SYNOPSIS (via Goodreads):
“After battling the impossible, Zélie and Amari have finally succeeded in bringing magic back to the land of Orïsha. But the ritual was more powerful than they could’ve imagined, reigniting the powers of not only the maji, but of nobles with magic ancestry, too.
Now, Zélie struggles to unite the maji in an Orïsha where the enemy is just as powerful as they are. But when the monarchy and military unite to keep control of Orïsha, Zélie must fight to secure Amari’s right to the throne and protect the new maji from the monarchy’s wrath.
With civil war looming on the horizon, Zélie finds herself at a breaking point: she must discover a way to bring the kingdom together or watch as Orïsha tears itself apart.”
I loved the first book in this series, Children of Blood and Bone, so I was very excited to see this at my library. That being said this book had a lot of ups and downs for me. When I was reading Children of Blood and Bone, I couldn’t put the book down because I was so sucked in, but with Children of Virtue and Vengeance I had to put the book down because I was so frustrated with some of the characters.
I was regularly frustrated with Amari and Inan. Inan is so completely spineless and can’t have a single thought of his own. He had grand plans in the first book and you understand his misguided prejudices. You would think after what happened to him in the first book, he wouldn’t be so susceptible to being pushed around by his mother. Amari, constantly insisting her way is right without any understanding of the situation at hand was frustrating to read over and over. It wasn’t until people died, that she was like “oh I really need to listen to other people”. Even though their actions frustrated the heck out of me, I don’t think they are necessarily a bad thing. Amari and Inan are outsiders trying to solve a problem that they truly don’t understand. They are not apart of the maji culture, and though their intentions are seemingly for the best, they don’t listen. This leads to their downfall.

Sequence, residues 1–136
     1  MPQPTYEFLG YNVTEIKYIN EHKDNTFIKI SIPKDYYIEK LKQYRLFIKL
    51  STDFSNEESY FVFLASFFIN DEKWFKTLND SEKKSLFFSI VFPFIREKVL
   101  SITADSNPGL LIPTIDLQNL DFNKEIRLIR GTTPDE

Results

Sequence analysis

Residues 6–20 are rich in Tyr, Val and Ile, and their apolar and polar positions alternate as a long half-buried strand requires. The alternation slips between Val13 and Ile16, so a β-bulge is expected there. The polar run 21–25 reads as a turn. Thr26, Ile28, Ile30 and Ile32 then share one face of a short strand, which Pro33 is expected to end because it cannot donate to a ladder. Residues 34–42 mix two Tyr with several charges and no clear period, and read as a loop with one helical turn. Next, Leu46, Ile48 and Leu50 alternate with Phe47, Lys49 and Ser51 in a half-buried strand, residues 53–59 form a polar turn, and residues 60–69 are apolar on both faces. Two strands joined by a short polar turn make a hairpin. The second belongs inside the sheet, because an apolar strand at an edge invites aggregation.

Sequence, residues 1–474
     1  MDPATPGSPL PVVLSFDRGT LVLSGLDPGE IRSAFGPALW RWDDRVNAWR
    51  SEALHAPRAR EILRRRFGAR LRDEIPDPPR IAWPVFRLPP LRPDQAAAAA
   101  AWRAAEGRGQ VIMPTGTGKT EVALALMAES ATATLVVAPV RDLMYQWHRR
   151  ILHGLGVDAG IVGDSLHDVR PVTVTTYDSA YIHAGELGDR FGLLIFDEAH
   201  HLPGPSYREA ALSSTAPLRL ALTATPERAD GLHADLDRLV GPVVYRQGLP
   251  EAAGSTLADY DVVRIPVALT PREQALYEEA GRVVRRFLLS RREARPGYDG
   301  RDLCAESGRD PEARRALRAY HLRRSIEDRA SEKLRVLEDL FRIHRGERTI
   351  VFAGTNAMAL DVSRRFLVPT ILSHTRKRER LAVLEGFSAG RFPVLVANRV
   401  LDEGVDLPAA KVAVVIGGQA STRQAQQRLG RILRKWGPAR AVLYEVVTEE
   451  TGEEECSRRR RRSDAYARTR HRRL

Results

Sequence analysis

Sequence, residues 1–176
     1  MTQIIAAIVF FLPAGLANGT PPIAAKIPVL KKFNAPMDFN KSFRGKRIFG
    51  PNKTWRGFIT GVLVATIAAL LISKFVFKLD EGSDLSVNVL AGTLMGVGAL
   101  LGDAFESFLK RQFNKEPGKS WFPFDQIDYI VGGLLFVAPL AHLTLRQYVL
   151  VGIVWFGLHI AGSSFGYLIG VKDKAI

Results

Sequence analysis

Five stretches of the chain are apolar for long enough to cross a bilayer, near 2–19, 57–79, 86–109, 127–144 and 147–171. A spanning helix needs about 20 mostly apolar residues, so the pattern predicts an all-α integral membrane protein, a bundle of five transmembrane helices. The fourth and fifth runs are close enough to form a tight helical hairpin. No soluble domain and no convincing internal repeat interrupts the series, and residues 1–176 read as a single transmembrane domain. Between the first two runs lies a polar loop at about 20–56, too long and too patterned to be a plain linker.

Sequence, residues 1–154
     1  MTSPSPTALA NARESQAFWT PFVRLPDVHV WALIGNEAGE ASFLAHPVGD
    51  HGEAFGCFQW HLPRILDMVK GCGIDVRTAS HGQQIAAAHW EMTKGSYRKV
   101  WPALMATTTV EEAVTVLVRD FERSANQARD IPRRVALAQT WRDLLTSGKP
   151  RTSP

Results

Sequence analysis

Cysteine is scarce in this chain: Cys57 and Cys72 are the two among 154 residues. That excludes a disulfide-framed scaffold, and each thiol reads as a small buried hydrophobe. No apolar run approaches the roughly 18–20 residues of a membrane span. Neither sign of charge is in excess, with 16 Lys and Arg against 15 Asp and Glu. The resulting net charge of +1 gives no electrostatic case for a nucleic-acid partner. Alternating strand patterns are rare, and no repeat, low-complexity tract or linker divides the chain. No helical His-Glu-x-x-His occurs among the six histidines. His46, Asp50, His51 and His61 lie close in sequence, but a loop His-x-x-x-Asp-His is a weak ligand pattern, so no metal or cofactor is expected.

Zélie’s journey is really incredible. This book handles her grief in a really believable way. She has become this savior to the maji, but magic has also killed everyone she’s loved. She really struggles with the weight of her new role in this revolution. There isn’t a simple, easy fix to her problems.
One big problem I had with this book was the forced romances. None of the romantic relationships felt genuine in this novel. They didn’t add anything to the story. I also wish we weren’t left with such a cliffhanger at the end of this novel. While I loved the cliffhanger at the end of the first book, this cliffhanger just felt like someone forgot to finish the chapter which was frustrating.
Overall, I have some mixed feelings about this novel. I think the pacing was a little too fast at times, sometimes I wished that we could let some actions breathe before we moved onto the next big plan. I really loved the handling of Zélie’s grief and trauma. I’m still interested to see where the next book in the series goes.